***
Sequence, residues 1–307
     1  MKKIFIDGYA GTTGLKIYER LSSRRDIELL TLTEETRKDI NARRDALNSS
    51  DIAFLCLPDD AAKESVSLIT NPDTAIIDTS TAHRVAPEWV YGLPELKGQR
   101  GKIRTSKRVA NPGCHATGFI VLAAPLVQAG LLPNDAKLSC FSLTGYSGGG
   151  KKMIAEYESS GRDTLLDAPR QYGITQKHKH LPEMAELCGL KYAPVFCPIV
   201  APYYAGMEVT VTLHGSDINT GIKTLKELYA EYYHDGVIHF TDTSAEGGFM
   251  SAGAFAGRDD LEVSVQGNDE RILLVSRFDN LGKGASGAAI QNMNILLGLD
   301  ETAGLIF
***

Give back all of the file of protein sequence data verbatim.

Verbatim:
Sequence, residues 1–307
     1  MKKIFIDGYA GTTGLKIYER LSSRRDIELL TLTEETRKDI NARRDALNSS
    51  DIAFLCLPDD AAKESVSLIT NPDTAIIDTS TAHRVAPEWV YGLPELKGQR
   101  GKIRTSKRVA NPGCHATGFI VLAAPLVQAG LLPNDAKLSC FSLTGYSGGG
   151  KKMIAEYESS GRDTLLDAPR QYGITQKHKH LPEMAELCGL KYAPVFCPIV
   201  APYYAGMEVT VTLHGSDINT GIKTLKELYA EYYHDGVIHF TDTSAEGGFM
   251  SAGAFAGRDD LEVSVQGNDE RILLVSRFDN LGKGASGAAI QNMNILLGLD
   301  ETAGLIF